Ch. 6 Notes
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This 12 page Class Notes was uploaded by Isabella Morles on Wednesday February 17, 2016. The Class Notes belongs to PSY2012 at University of Florida taught by Professor Kimberly Smith in Spring 2016. Since its upload, it has received 29 views. For similar materials see General Psychology in Psychlogy at University of Florida.
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Date Created: 02/17/16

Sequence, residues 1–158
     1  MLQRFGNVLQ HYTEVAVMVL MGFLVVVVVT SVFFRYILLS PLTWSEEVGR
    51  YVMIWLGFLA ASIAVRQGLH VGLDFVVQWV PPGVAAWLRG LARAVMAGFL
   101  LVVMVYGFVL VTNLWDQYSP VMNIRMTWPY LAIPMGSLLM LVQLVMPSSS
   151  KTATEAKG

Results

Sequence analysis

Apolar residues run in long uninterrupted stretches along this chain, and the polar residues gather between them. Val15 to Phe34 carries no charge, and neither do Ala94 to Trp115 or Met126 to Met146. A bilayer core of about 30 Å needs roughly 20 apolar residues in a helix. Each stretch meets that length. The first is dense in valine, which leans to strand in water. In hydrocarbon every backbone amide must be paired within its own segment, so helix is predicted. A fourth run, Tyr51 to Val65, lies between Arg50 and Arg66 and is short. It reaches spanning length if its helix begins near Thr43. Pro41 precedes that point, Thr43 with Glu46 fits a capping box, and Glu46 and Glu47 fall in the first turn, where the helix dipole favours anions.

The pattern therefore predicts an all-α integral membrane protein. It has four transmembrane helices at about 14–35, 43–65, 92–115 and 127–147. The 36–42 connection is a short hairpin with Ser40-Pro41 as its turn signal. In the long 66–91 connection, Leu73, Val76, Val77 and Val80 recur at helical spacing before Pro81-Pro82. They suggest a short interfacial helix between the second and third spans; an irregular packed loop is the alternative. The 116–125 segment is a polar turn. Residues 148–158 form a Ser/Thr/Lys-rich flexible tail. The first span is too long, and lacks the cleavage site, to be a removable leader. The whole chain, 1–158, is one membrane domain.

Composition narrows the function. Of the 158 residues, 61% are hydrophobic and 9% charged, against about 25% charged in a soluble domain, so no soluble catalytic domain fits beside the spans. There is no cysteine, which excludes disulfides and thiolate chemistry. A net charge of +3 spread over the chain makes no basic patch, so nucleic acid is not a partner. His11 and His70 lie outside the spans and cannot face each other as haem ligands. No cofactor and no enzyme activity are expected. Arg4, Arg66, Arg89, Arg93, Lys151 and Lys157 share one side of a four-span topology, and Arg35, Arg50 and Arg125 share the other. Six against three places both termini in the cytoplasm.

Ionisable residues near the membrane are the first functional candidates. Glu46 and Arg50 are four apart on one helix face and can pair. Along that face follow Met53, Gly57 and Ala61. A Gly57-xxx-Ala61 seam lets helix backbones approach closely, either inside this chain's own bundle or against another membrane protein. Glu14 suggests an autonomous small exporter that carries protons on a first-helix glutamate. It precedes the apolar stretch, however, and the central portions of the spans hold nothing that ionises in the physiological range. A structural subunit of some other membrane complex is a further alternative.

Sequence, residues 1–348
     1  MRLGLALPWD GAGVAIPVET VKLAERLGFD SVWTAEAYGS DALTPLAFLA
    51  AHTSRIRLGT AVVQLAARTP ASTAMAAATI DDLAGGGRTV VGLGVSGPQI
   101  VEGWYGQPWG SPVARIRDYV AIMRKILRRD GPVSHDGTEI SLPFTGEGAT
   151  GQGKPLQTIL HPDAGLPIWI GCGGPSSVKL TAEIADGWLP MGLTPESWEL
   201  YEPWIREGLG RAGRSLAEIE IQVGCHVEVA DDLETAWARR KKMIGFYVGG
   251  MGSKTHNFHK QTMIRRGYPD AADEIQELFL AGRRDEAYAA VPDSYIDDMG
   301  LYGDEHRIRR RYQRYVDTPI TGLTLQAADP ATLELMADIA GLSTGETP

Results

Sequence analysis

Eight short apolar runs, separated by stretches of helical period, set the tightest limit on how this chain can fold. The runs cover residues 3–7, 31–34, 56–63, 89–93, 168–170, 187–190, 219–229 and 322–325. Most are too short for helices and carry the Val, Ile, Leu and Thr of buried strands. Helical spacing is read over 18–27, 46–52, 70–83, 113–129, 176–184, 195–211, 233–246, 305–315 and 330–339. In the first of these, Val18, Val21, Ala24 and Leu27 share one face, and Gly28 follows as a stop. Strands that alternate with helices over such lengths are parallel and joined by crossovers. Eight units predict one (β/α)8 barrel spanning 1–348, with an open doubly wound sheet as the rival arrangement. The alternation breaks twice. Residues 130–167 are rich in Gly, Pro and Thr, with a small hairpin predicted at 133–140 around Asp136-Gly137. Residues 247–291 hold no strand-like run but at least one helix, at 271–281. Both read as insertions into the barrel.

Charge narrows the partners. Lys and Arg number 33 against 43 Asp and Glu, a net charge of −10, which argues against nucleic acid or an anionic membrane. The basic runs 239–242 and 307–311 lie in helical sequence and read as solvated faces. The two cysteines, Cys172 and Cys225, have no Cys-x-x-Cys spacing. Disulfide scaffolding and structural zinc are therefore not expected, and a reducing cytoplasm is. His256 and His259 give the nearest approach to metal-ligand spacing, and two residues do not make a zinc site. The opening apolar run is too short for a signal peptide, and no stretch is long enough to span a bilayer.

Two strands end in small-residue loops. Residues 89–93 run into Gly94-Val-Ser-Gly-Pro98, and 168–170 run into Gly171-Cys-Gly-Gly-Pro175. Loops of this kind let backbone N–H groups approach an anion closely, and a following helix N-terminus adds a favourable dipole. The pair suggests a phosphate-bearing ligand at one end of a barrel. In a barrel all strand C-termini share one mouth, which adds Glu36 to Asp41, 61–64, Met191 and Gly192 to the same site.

General Psychology Chapter 6 Flashback: Why some people don't remember dreams? Scientist don't agree about why dreams are hard to remember Do some people remember their dreams better than others? Yes Tends to be light sleepers Is there something wrong with me if I can't remember my dreams? Nope Learning Much of what we learn can be viewed from an evolutionary perspective It pretty much means a change in an organism’s behavior or thought as a result of an experience. (hopefully what you are doing now). There are many distinct types of learning. Three key figures in the psychology of learning was: Ivan Pavlov, John B. Watson and B.F. Skinner. Habituation: responding less strongly to repeated exposure to a stimulus? Examples: moving from the country to the city and getting used to the cars, buzzing noises in the room We have also referred to this phenomenon as 'sensory adaptation'. Examples: same as habituation Scientist study habituation using sweat, since we perspire during anxious times. It’s important to know that we usually habituate to safe stimuli but we cannot ignore serious threats. What about an example for the opposite of habituation? In the context of learning and behavior, we call this... Sensitization: responding more strongly to repeated exposure to a stimulus Example: now being allergic to mangos, can't sleep with loud music We need to learn to connect stimulus like the appearance and taste of an apple. From an evolutionary perspective - Why are habituation and sensitization be important? How might these concepts be adaptive in terms of species survival? What might happen to a species which did not develop them? We just have to evolve and develop both so we do not become extinct. We won't know what to focus on and what to ignore. Classical conditioning (also called Pavlovian Conditioning) John B. Watson - most famous Learning as a result of the pairing of stimuli Believed that we acquired our knowledge this way. Important terms: Unconditioned stimulus- stimulus that elicits an automatic response. Unconditioned response- automatic response to a nonneutral stimulus that does not need to be learned. Neutral stimulus Conditioned stimulus- initially neutral stimulus that comes to elicit a response due to association with an unconditioned stimulus. Conditioned response- response previously associated with a nonneutral stimulus that is elicited by a neutral stimulus through condition. Example: Present: Unconditioned stimulus: stake Elicit: Unconditioned response: the dog drools • Innate • Automatic • Reflex • Involuntary Enter: Neutral stimulus: bell Present with: Unconditioned stimulus: stake Soon you won't need unconditioned stimulus just the neutral stimulus will make the dog salivate. Has become: Now it's called conditioned stimulus (bell) (not called neutral anymore) Conditioned response (now the dog salivates) The dog now sees the conditioned stimulus as signaling that the steak comes next, dog expects the steak. Drooling a has become a conditioned response. Classical Conditioning happens in 3 phases: acquisition, extinction and spontaneous recovery. It’s important to present the conditioned stimulus before the unconditioned one for conditioning to work. In Acquisition we gradually learn or acquire the conditioned response (example above: drooling) Longer delays usually decrease the speed and strength of the organism’s response. In Extinction the conditioned response decreases and eventually disappears when the conditioned stimulus is repeatedly presented alone (bell with no stake). After countless presentations of the bell with no stake the dogs will stop drooling. Extinction is an active, rather than passive process (its overwritten by new behavior). In Spontaneous Recovery a sudden reemergence of an extinct conditioned response after a delay in exposure to the conditioned stimulus. (present the bell, drooling might occur) Renewal effect- occurs when we extinguish a response in a setting different from the one in which the animal acquired it. Stimulus generalization is when the CSs are similar, but not identical to the original CS (bell) elicit a CR (drooling).. pretty much if a dog hears a different sound in relation to a bell it can start drooling. It occurs along a generalization gradient. (the more similar the sound is, the stronger the CR is) The opposite is Stimulus discrimination. It happens when we show a less pronounced CR to CSs that differ from the original CS. We pretty much are able to tell what is real and what is not so we know how to react to certain situations. Higher order conditioning: Now the conditioned stimulus (bell) paired with a different neutral stimulus (whistle). Don't need bell anymore, use whistle Pretty much you can pair the CS with something else then take away the bell and dogs will still salivate to the whistle. Continuing to try to condition the dogs with different stimulus th weakens the responses (by the 4 time it’s practically impossible) Classical conditioning happens in everyday life as well. Advertising o Making posters and commercials of their product with a celebrity we like. It makes us have positive emotions and want to buy the product. Latent inhibition- is the difficulty to establish classical conditioning to a conditioned stimulus we have repeatedly experienced alone, that is, without the unconditioned stimulus. Fears and Phobias o Little Albert Watson pretty much conditioned the baby to be afraid of sounds and animals In reality over time with classical conditioning we can overcome our fears. Fetishes (sexual attraction to nonliving things) o It’s quite weird, but some people can develop them by the repeated paring of neutral objects with sexual activity. Disgust Reactions o These reactions are usually tied o stimuli that are biologically important to us. Like we see a picture of rotten eggs and we are disgusted because we can remember such a taste and smell. Operant Conditioning (instrumental conditioning) is when learning is controlled by the consequences of the organism’s behavior. Usually the behavior is followed by a reward. (training dolphins to do tricks then giving them treats). In the end the organism gets something out of it. Operants are the behaviors produced by the animal (dolphins’ tricks) Important differences between classical and operant conditioning: 1. Target behavior… a. In Classical Conditioning its elicited automatically (pulled out by the UCS and then the CS) (stake then the bell) (the UCR does not require training) b. In Operant Conditioning its emitted voluntarily 2. Reward is… a. CC – Provided unconditionally (dogs will get stake anyway) b. OC- Contingent on behavior (if the animal does not do the tricks, no treats) 3. Behavior depends primarily on… a. CC- autonomic nervous system (changes heart rate, breathing and other bodily systems) b. OC- Skeletal Muscles (motor behavior) The Law of Effect is a principle that asserts that if a stimulus followed by behavior results in a reward, the stimulus is more likely to give rise to the behavior in the future. Almost everything we do is believed to be derived from this effect. It’s the buildup of Stimulus and Response bonds due to the law of effect. (delicious hamburger makes us want to eat it, kissing our significant other makes us happy so we keep doing it) Thorndike studied how a cat would respond to being placed in a box with a piece of fish outside. The only way to get out was pressing a lever or pulling a string in the box. Over time the cat did it faster but he thought it was more trial and error of C and R. o Cats learn by insight, which is when they grasp the underlying nature of the problem. Skinner tried to do what Thorndike did but more complicated and evolved. He created the Skinner box, which was a small animal chamber that allowed sustained periods of conditioning to be administered and behaviors to be recorded unsupervised. o It electronically records the animal’s responses and prints out a graph. The box contained a bar that delivered food when pressed, a food dispenser and a light that signaled when a reward would come. Reinforcement, Punishment and Discriminative Stimulus Reinforcement Any outcome that strengthens the probability of a response (REWARD) Positive reinforcement – administer a stimulus (giving a kid chocolate for picking up his toys) Negative reinforcement – take away a stimulus (ending a child’s time out when they stop whining) In BOTH there is usually an increase of the response. Punishment This is not negative reinforcement. Punishment is any outcome that weakens the probability of a response. Can be positive or negative Positive punishment is spanking, someone laughing at others, or physical shock (administers a stimulus) Negative punishment is the removal of a toy or article of clothing (taking away stimulus) Discipline is only punishment when it decreases the probability of a behavior. A kid is kicking the wall, the mother comes in and yells to stop. If he keeps going after she reinforced the behavior but if he stops then it’s really a punishment cause it stopped the behavior. Punishment usually works in the long run but Skinner believes that just with reinforcement we can change behavior. The disadvantages to punishments are: Tells the organism what NOT to do, instead of what to do Creates anxiety which can interfere with future learning May encourage subversive behavior, lets people become sneakier in certain situations From parents – can provide an example for children’s aggressive behavior o Physical punishment from parents leads to aggressive behavior in kids (at times, it’s not always definite) In the end punishment should not always be used, it should be used when necessary and right after the event. Parents that spank their kids in countries where it’s unacceptable and it doesn’t happen, those k ids develop more problems than kids in countries where spanking is more part accepted or at least done more often. Discriminative Stimulus Any stimulus that signals the presence of reinforcement (not stimulus discrimination) When we snap our fingers at a dog he will come to be pet. When a friend waves from across campus, we wave back. (It reinforces us) Acquisition, Extinction, Spontaneous Recovery, Stimulus Generalization and Stimulus Discrimination also have to do with operant conditioning. (look for definitions above) In OP, Extinction happens when we stop giving reinforcers following a previously reinforced behavior. (when a kid cries if the parents give him the toy to quiet him he will learn that if he cries he will get the toy. If parents ignore his screams he will eventually quiet down.) Stimulus Discrimination- example when pigeons were trained to discriminate between paintings of Monet and Picasso. They learn the difference of 2 different stimuli Stimulus Generalization- the pigeons were able to tell impressionists artists whose styles were like Monet’s like Renoir over paintings from cubist artists similar to Picasso like Braque. Animals behavior differ depending on the schedule of reinforcement. That is the pattern of delivering reinforcement. Continuous reinforcement- we reinforce behavior every time it occurs (faster learning but faster extinction that only occasional reinforcement) Partial reinforcement- we reinforce responses only some of the time So if we want to train a dog to catch a Frisbee we should use partial reinforcement in hopes he will always catch it in hope to get a treat. 4 Major Reinforcement Schedules: Consistency of administering reinforcement o Reinforcement occurs regularly or an irregular basis Basis of administering reinforcement o Operate on ratio or interval schedules Ratio- animal is reinforced on the basis of the number of responses it emits. (yield higher responses) Fixed ratio schedule- we provide reinforcement after a regular number of responses (give dog a treat after rolling over 5 times) (or pay bonus for 5 touchdowns for a football player) Variable ratio schedule- provide reinforcement after a specific number of responses on average, but the exact number of responses required during any given time is random (give the dog a treat every 20 min even if he only rolls once) (yields highest rate) (casino… slot machines and roulette wheels, etc.) Interval- reinforced on the basis of the amount of time elapsed since the last reinforcement. Fixed interval schedule- we provide reinforcement for producing the response at least once after a specific amount of time (pay a worker in a clock factory every Friday for the work she has don’t as long as she made one clock in that week. Variable interval schedule- we provide reinforcement for producing the response after an average time interval, with the actual interval varying randomly. (dog has to do a trick with an average interval schedule of 8 min so he has to perform a trick in 6 min, then 2 min then 20 min… The average interval for all of these have to be 8 min) Applications of OC Shaping- conditioning a target behavior by progressively reinforcing behaviors that come closer and closer to the target. People train animals by Shaping their behavior. We gradually fade the reinforcing of close behaviors. Skinner’s principles are used to train service animals. How to overcome procrastination? (admit it we all need this) Instead of putting off stuff, think about fun things you can reward yourself after with… watching tv, hanging with friends, eating ice cream Superstitious behavior- actions linked to reinforcement by sheer coincidence. (pigeons feed in city parks) Over time we become dependent on superstitions. Lucky objects boost our self-confidence and help us do better. Human superstitions are not due entirely to OC but can be due to word of mouth. Therapeutic Applications of OC Can be applied in clinical settings as well. Secondary Reinforcers- neutral objects that become associated with a primary reinforcer Primary reinforcer- item or outcome that naturally increases the target behavior (like a food or drink) Token economy- system used for reinforcing appropriate behaviors and eliminating bas ones, teachers use this a lot (point chart) (can help a lot in hospitals, group homes and juvenile detention units) However they are controversial. Even though CC and OC are a bit similar, the forms of learning are associated with different brain regions. However, we use both to explain the persistency of anxiety disorders. Cognitive Psychology Skinner did not believe that thinking was different than behavior. However, now a day’s scientists do think learning is incomplete without the role of thinking. Instead of S-R (stimulus response) it’s now SOR (with the O being the organism interpreting the stimulus before responding). So in SOR the response is not automatic but it’s what the organism means to do. Edward Chase Tolman- suspected that reinforcement was not the be all and end all of learning. Latent learning- learning that is not directly observable Reinforcement is not necessary for learning. Once you have something to gain, you show what you have learned. Cognitive maps- mental representation of how a physical space is organized. (like college students on campus who have been here a while) Observational learning- learning by watching others. We learn by watching models (parents, teachers) (type of latent learning) Learning of aggression- study with a group of kids in a room watching an adult punch and scream at a Bobo doll and another group watches him ignore the doll. Then the kids are given toys to play with then asked to move to another room to frustrate them. The kids with the aggressive model started to copy him, the others did not. Mirror neuron- cells in the prefrontal cortex that become activated when an animal performs an action or observes it being performed (like when you see someone use an ATM machine that’s different than the one you use) (They only become activated with the action) Biological Influences on Learning Conditioned taste aversions- if you get very ill after eating something you like; you won’t want to eat it again (develop after one trial) Preparedness and phobias – usually phobias are from situations we have never experienced like heights, snakes and deep waters but very few people are scared of knives, ovens and electrical outlets even though many of us have been cut, burned or hurt by them. o We explain phobias with preparedness, an evolutionary predisposition to learn some pairings of feared stimuli over others owing to their survival value. (like steep cliffs or poisonous animals) (it’s like these things possessed a threat to our early ancestors but the others didn’t) Instinctive draft- the tendency for animals to return to innate behaviors following repeated reinforcement. Learning Fads: Sleep-Assisted Learning: learning new material while asleep (like brave new world) (does not work very well, no proof) Accelerated Learning: supposedly allow people to pick up new information faster. (kind of an extraordinary claim) Discovery Learning: giving students experimental materials and asking them to figure out the scientific principles on their own. o Direct instruction- when we tell the students how to solve the problems, more effective and efficient. Learning Styles: an individuals preferred or optimal method of acquiring new information. o Reliability is a hard to assess. Most of us are a blend of multiple styles of learning (holistic, verbal, special, and analytical) Premack principle - preferred behaviors, or behaviors with a higher level of intrinsic (internal) reinforcement value. Used by ourselves on ourselves to modify behavior, by parents, teachers and researchers to modify the behavior of others, ... And can be used by you on others as well The key: whether applied to self or others is knowing what will motivate that individual or group First: What is the target behavior? Focus on just the behavior Then will you give something or take something to alter the behavior Did the behavior increase or decrease? Increase - reinforce decrease - punish Not about fun/not fun; happy/sad; good/bad